Don’t let a bug in the end to end framework prevent you from making progress. Figure out the problem, open a ticket against the team that owns it. If you can make a fix yourself. The last thing you want is to get nothing done because you were waiting for someone else to fix a problem that you could have fixed, but “didn’t have to”. 

If your team has a docker compose stack for local testing, figure out how to get it running. Fix the documentation, test your software e2e locally. 

If there is an old integration test suite that intermittently fails, don’t let those failures block your work. Fix the failures, mock the flakey dependencies, don’t just sit there and let some software waste your time because you didn’t want to put the effort into deciphering how it works. 

Working from home

I’ve been lucky enough not to be laid off yet, and have been plunged headfirst in working from home. Before this pandemic I avoided working from home because I got distracted pretty easily and found it easier to get work done in the office. I’ve typically been a high performer and like to maintain work life balance so falling behind because I worked from home is not an option. 

Now I’ve been required to work from home since early march. The first couple weeks were rough. Working in a new setting, big changes going on in the world, combined to make focus difficult. I fell behind where I wanted to be on several projects. It was all dragging me down.

Late last week, at the time of writing, I made two big changes which seem to be helping a lot. They are getting better sleep and using the Pomodoro technique to focus on work. 

To get better sleep, all I did was start closing my blinds in the evening. I live downtown, so at night there are lots of light shining into my nice large windows. The view is good, but the light degrades sleep quality. I noticed a big difference the first night and have been feeling consistently good this last week.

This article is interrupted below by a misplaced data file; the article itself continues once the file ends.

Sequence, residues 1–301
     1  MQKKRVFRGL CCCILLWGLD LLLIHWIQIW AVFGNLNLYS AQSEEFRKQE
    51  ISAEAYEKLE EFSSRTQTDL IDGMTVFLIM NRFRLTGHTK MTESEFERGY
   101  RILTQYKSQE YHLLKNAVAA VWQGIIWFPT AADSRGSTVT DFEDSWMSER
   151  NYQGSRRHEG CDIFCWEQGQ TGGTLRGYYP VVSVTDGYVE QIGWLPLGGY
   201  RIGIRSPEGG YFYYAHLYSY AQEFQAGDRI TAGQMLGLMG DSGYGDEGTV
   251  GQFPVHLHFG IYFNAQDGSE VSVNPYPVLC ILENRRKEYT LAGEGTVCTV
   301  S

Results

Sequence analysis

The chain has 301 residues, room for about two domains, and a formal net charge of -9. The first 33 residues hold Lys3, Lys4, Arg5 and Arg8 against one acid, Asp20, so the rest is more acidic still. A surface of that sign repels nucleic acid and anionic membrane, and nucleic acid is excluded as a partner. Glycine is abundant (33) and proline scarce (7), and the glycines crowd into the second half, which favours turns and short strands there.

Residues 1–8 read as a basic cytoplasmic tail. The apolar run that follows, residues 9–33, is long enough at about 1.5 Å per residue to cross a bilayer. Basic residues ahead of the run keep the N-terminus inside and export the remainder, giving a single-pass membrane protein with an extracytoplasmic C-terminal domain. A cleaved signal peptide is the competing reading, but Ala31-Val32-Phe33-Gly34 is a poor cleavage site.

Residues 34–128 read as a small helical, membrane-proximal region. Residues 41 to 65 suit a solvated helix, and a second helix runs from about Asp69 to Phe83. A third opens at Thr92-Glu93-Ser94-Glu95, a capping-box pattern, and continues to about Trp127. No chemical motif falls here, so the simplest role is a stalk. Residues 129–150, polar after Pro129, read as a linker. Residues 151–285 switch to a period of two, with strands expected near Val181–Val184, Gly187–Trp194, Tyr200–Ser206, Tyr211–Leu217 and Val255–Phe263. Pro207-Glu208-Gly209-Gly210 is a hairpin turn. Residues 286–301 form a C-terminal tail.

My version of the Pomodoro technique is to do 40minute ‘sprints’ of focused coding time. This gets me past the initial hump and doing solid work. Then I take a short break and circle back for another round of focused work. This is similar to what I would do in the office, work for a while, then chat with coworkers or go to the lunch room. Except now I just stay in my apartment and stretch or workout.

Working from home is still a bit rough. But I think I’m past the hump of adapting to it. Now I just want to optimize a few things like my monitors and getting a motorized standing desk. 

Expecting end users to customize the experience is madness

 Don’t do it to yourselves

Don’t do it to customers 

Do the work to make a good product

Enterprise software sucks. Its not bought by the people using it, but by a guy wearing a suite on the 37th floor the day after eating a fabulous steak dinner paid for by Oracle sales guys.  By the time you start using it, it is bought and paid for. Suck it up and learn how this pile of code works. 

Internal enterprise software is another beast. Constantly underfunded, built by interns that just learned object oriented programming, and designed by the CEOs cousin, it is not the greatest. 

Know what will ensure that your internal software is never improved in a meaningful way? Make customizing it the default workflow. Just have every engineer at the company load up a GreaseMonkey script that adds in the features that PAAS should have by now. 

The problem is fixed for the graybeards. Sure, every new employee will spend six months realizing that all the people who are getting anything done have customized the UI so extensively its not recognizable as the same product. 

When they said go use ‘deployment ladder’, they meant use ‘deployment ladder’ with 12 GreaseMonkey scripts installed. Where are those scripts? You might ask, the answer is always ‘in the wiki’. Searching for the name of the thing in the wiki does not result in finding the thing, like it would in google for an open source project.

Having everyone customize the software does not result in a good product. It papers over a shitty UI by fragmenting it even more. After a while no one with any power in your organization realizes there is a problem because they have 50 GreaseMonkey scripts installed, and haven’t looked at the actual ‘base’ UI in 5 years. 

Save yourself millions in on-boarding. Invest in good tools. Put the work into offering a great default workflow. Don’t end up in a situation where the graybeards can’t even understand the workflows the new hires are dealing with.